If you allocated 512MB of memory to your function, executed it 3 million times in one month, and it ran for 1 second each time, your charges would be calculated as follows:

  • The monthly compute price is $0.00001667 per GB-second and the free tier provides 400,000 GB-seconds.
  • Total compute (seconds) = 3M requests * (1s per request) = 3,000,000 seconds
  • Total compute (GB-seconds) = (3,000,000 seconds * 512MB) * (1GB / 1024 MB) = 1,500,000 GB-seconds

If you’re still in the free-tier year:

  • Total compute – Free tier compute  = Monthly billable compute GB - seconds
  • 1,500,000 GB-seconds – 400,000 free tier GB-seconds = 1,100,000 GB-seconds
  • Monthly compute charges = 1,100,000 * $0.00001667 = $18.34


Why should we use AWS Lambda?

  1. No server management. Just upload your code and AWS Lambda takes care of everything required to run and scale your code with high availability.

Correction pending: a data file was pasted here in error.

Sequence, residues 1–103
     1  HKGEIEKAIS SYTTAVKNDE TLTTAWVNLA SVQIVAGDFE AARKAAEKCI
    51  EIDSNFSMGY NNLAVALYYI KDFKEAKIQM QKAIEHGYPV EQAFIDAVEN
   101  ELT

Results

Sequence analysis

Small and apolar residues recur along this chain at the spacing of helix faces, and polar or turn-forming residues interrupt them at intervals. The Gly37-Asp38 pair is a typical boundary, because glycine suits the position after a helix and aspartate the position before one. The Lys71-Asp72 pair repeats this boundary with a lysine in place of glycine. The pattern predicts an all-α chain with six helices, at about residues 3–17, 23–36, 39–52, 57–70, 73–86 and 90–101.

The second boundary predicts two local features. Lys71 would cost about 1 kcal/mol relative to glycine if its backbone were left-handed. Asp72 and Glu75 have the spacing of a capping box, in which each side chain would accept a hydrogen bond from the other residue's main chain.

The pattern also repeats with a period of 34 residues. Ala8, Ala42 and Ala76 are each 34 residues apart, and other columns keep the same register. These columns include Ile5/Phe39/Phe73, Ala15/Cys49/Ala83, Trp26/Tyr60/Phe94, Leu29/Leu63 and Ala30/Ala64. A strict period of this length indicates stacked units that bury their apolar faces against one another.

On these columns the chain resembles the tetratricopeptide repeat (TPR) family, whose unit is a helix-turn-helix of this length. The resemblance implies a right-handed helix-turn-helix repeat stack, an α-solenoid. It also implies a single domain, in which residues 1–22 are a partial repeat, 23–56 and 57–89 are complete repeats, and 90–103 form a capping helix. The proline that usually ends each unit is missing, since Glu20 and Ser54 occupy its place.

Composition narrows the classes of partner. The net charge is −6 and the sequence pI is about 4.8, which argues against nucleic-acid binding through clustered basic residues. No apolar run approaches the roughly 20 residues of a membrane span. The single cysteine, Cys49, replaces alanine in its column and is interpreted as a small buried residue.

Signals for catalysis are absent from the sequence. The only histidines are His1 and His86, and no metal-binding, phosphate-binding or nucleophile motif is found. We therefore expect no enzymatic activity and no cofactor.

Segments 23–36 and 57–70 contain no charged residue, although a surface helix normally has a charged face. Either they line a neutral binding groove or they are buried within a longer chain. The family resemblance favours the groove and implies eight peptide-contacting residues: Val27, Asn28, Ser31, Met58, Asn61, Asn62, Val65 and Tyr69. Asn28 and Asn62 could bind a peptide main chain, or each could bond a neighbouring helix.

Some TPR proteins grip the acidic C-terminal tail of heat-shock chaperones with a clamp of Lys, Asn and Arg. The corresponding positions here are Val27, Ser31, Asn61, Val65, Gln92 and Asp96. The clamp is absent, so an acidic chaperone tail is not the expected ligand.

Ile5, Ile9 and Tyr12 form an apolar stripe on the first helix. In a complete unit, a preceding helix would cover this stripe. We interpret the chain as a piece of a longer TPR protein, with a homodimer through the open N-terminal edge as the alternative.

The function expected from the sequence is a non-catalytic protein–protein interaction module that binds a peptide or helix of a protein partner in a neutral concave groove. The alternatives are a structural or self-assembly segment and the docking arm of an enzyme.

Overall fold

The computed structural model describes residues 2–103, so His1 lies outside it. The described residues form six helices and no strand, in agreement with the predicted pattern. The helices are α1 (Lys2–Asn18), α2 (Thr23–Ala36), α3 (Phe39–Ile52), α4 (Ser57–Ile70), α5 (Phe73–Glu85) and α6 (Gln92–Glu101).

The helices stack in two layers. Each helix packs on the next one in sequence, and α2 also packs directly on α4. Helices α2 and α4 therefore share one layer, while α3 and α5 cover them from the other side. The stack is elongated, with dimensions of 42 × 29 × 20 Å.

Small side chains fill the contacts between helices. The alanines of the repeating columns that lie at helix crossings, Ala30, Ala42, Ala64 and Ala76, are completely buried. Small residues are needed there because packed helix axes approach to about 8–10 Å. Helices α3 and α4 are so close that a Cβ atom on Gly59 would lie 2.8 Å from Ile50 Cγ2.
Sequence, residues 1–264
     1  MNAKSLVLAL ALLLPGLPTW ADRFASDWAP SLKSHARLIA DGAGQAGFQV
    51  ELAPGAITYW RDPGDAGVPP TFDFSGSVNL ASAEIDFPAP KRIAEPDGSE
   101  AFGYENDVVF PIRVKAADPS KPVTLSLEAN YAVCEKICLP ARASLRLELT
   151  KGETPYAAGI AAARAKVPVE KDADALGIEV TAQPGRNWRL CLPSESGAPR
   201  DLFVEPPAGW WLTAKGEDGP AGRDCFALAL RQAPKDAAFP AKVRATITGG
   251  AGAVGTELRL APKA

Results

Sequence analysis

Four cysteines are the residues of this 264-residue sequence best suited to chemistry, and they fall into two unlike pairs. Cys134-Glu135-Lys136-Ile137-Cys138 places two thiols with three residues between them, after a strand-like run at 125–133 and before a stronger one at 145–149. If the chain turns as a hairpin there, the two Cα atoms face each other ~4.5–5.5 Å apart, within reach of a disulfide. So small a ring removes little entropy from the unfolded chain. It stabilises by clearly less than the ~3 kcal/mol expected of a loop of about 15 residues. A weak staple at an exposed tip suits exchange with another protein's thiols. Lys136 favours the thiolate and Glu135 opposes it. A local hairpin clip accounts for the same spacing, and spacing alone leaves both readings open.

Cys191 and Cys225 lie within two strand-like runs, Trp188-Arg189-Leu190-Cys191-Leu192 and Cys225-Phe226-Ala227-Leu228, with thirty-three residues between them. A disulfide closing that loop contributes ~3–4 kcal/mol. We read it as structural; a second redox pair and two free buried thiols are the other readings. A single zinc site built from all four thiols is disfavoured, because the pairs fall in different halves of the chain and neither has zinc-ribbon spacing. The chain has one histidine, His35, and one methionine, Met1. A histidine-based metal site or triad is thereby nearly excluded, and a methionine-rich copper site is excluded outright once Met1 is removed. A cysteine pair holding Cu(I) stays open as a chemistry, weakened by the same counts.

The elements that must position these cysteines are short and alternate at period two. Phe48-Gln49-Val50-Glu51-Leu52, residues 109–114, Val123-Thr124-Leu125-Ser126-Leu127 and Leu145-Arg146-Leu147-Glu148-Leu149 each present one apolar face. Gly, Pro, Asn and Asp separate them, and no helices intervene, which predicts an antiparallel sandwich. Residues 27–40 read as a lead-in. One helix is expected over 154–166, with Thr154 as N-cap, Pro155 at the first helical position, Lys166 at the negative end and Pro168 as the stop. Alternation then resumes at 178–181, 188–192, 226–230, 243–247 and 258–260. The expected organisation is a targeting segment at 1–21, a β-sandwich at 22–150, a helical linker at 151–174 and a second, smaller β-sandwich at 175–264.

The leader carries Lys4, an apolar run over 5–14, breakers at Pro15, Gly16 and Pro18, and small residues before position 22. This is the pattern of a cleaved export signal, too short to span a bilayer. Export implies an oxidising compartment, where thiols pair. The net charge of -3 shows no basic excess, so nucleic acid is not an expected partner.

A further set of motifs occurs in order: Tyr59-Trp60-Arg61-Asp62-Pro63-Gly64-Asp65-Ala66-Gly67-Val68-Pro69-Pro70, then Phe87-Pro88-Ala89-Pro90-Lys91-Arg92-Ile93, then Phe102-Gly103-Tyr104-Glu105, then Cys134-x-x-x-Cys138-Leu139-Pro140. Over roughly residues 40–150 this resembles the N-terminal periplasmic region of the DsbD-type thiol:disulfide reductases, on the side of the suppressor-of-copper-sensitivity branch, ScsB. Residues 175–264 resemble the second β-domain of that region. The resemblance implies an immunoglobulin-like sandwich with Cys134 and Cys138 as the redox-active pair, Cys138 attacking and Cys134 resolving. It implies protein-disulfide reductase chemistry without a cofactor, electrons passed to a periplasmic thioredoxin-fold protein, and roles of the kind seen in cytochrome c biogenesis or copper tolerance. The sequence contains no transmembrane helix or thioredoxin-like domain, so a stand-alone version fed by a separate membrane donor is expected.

2. It can scale. Before the emergence of serverless, operations teams had to allocate the server resources based on forecasted traffic and demand. With computing resources like AWS Lambda, the computing resources can scale and descend automatically based on real-time demands. Scaling is automated and you don’t have to manually buy more EC2 instances (AWS servers) or use Elastic Beanstalk.
  3. You can still run web applications! Lambdas are exposed to web traffic through AWS’s API Gateway which functions as a URL router to your Lambdas.


AWS Lambda vs EC2 setup: